After a successful month in Brazil in
2001 I decided to return to South America and initially planned to explore
Chile. Then I thought, what the hell, if I've gone that far I might as
well go to the Galapagos Islands As I would be away for a month I
decided to see a bit of the Peruvian Andes as well. Being a National Park,
and access strictly controlled, the Galapagos part had to be done on a
package deal, but the Peruvian part could be done independently. With a
for cost, I did some research on the web, chose a Quito-based tour
operator, and ended up with an 8 day cruise on the "Sagitta", a rather
plush 115 foot, three-masted sailing ship, my own cabin and my own
I flew out from Glasgow to Quito, via Miami
on the first of September. Despite what I had heard I was not met at Quito
Airport by a gang of Ecuadorian Gringo-Bashers waiting to machete me to
death, in fact the place seemed very civilised. I booked into a three star
hotel room for three days, and was even taken there in a courtesy taxi.
Not bad for US$20 a night.
The next morning I checked out that my tour
agency actually existed, and collected my tickets. This left me with three
days in Quito.
my first day I visited "La Mitad del Munda" (the middle of the world), a
rather squat and austere monument located directly on The Equator. This is
one of those compulsory visits on the tourist circuit, if for no other
reason but to get a photo of yourself straddling the equator, which was
painted on the pavement. Inside was a fairly touristy exhibition of
indigenous native life but a good view of Quito from the top.
So which way does water drain down a plug
hole on the Equator? I was told it goes clockwise in the North and
anti-clockwise in the South. Having promised my brother-in-law to conduct
a field experiment I spent half an hour skulking about public toilets,
emptying wash-hand basins in both hemispheres, to discover that the
water had no particular inclination; it would go in either direction and
could be change with a quick swirl of the water with your hand. Having
spent hundreds of pounds, and travelled a third of the way round the
globe, to answer this world-shaking question I suppose I could have
returned home; mission accomplished. However I still had the Galapagos
I spent my net couple of days exploring the
City using the modern, cheap and effective over-ground tram system
(US$0.20) and became quite familiar with the Spanish Colonial Old Town,
including the National Library where I persuaded a curator to show me
their collection of antique books on the history of the Galapagos Islands.
I flew out to the Islands on a Boeing 727 at
dawn on day three. I was met at the airport and our party was bussed to
the docks at Baltra from were we took a
out to the "Sagitta", anchored in the bay. There were eleven passengers, a
crew of eight and Fabio, our Ecuadorian Naturalist.
Our first port of call was to the Charles
Darwin Research Station on Isla Santa Cruz at Academy Bay where we saw the
giant tortoise breeding-pens, and afterwards walked to the only proper
town on the Islands, Puerto Ayora, where I was able to send a final e-mail
I was pleased to find that as promised I had
my own small cabin, even with my own small en-suite bathroom. That night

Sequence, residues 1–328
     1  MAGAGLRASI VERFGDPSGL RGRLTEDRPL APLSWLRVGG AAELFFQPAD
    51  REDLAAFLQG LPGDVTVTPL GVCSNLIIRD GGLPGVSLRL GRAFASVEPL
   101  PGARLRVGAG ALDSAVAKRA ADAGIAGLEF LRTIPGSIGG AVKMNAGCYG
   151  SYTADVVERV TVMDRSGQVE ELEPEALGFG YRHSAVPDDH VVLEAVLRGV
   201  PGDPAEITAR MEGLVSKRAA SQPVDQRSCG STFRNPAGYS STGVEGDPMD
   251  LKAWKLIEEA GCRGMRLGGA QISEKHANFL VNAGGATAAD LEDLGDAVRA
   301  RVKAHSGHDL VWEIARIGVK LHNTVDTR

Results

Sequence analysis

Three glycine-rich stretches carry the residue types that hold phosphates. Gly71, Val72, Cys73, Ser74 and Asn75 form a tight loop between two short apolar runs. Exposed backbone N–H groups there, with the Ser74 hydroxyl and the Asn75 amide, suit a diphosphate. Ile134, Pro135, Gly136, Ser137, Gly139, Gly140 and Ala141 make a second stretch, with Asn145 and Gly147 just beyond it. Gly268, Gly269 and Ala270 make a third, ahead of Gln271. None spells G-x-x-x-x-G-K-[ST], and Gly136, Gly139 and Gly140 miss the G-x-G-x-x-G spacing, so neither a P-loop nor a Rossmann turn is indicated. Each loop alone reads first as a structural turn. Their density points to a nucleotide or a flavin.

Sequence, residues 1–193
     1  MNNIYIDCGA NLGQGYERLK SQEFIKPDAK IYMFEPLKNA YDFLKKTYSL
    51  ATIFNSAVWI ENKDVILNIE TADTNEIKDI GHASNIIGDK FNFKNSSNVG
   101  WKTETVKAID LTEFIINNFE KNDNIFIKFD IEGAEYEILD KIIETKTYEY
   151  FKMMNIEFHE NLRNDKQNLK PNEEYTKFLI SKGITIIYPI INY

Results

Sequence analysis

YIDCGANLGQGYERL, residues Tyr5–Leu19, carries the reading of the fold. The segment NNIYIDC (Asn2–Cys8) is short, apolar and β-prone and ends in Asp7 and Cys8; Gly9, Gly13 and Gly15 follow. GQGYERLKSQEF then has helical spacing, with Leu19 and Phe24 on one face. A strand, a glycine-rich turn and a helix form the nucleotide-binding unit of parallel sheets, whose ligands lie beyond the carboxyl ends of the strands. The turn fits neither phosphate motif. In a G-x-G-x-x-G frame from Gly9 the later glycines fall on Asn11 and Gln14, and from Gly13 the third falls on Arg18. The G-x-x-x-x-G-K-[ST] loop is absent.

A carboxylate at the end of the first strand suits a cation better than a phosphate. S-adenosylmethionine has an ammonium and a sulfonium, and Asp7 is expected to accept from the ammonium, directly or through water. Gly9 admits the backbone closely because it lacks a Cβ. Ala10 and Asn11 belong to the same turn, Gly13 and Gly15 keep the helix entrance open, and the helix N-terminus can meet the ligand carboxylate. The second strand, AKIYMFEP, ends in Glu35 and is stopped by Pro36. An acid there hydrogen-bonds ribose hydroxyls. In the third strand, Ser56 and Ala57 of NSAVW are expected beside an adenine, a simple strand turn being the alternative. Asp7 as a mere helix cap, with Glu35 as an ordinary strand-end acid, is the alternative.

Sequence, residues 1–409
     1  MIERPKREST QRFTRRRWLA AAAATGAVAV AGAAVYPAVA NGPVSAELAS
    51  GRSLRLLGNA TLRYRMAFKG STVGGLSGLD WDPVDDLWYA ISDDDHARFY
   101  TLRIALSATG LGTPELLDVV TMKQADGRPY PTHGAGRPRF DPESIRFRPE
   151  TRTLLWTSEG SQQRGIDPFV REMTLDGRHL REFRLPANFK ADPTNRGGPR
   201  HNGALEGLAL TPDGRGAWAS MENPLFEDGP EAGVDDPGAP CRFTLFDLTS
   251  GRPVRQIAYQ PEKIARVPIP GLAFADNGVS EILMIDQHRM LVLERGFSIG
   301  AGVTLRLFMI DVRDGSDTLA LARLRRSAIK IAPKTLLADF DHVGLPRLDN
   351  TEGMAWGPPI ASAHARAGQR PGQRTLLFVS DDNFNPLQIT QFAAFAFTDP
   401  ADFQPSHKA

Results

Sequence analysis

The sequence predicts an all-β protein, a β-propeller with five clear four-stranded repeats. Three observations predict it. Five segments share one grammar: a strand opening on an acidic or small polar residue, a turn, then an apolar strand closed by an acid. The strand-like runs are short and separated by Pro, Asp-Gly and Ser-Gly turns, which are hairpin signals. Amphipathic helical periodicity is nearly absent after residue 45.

we sailed for Isla Espanola and after an excellent breakfast at around
06.00hrs we set out by dinghy for our first landing.
There are no landing stages on the Galapagos
outside Baltra and Puerto Ayora, so landings come in to varieties; "wet"
and "dry". Wet landings involved jumping
or waist deep into the sea, and wading onto the beach. Dry landings
involved jumping onto the black basalt rocks which are extremely
young by geological standards (only a few million years) and very
sharp. Most of the trails we had to negotiate were over these basalt lava
trails which was precarious and a bit of a pain.
We went snorkelling and diving amongst
shoals of sea lions; on one occasion I could see a couple of
Galapagos sharks swimming in the background. Back on shore I was surprised
by a bull sea-lion which broke out of the water, flopped across the beach
and kissed me on the lips! Yuk! And we're warned not to interfere with the
Over the next week we landed on most of the
main islands and saw, hundred of marine iguanas, seals, sea-lions, turtles
and lots more. The iguanas (some over
feet long, were fearless, sometimes piled up on top of each other on the
paths, so you had to step over them. The birdlife was also phenomenal;
diving boobies, soaring frigate birds, pelicans, Galapagos Penguins and a
lot more. The food on the ship was excellent and apart from a slightly
twisted ankle, courtesy of an over-zealous dry landing, which
grounded me for a day, everything went smoothly. Every day we were out
walking, cruising in dinghies, kayaks, swimming and snorkelling On day
five we were all invited up to the bridge for champagne as we "crossed the
This place was a wildlife photographer's
paradise, even the birds stayed still. I spent hours photographing
everything I could, ocean panoramas, close ups of sea lion pups, burrowing
crabs mug-shots of iguanas from six inches etc, etc.
On day eight we returned and berthed back at
Baltra and were bussed back to the airport. While I was sad to leave the
islands it had been worth every penny and I'll probably go back in a few
years. Back in Quito I booked back into my previous hotel, and
made my plans for Peru.
Next morning I went down to a travel agents
and bought tickets to Cusco in the Peruvian Andes via Lima. With usual
airline logic, it was cheaper buying a return ticket going, Quito-Lima-Cusco-Lima-Quito
than just a single to Cusco..
With a day left in Quito I made the
trip up to the statue of "La Virgen de Quito" on top of the hill above the
Old Town. I'd been warned that the walk up could be dangerous for tourists
some who had recently been robbed by armed gangs. Anyway it was roasting
hot, so I took a taxi up with a French couple I'd bumped into. The statue
was fairly impressive with good views over the city.
Next morning I had to be up early (04.00hrs)
for the flight to Lima. I had an overnight stop, so booked into a hotel in
the city centre for the night. Unfortunately the window looked over the
main street, and all night long I was kept awake, by dozens of road-raged
morons at the traffic lights, revving their engines, shouting out their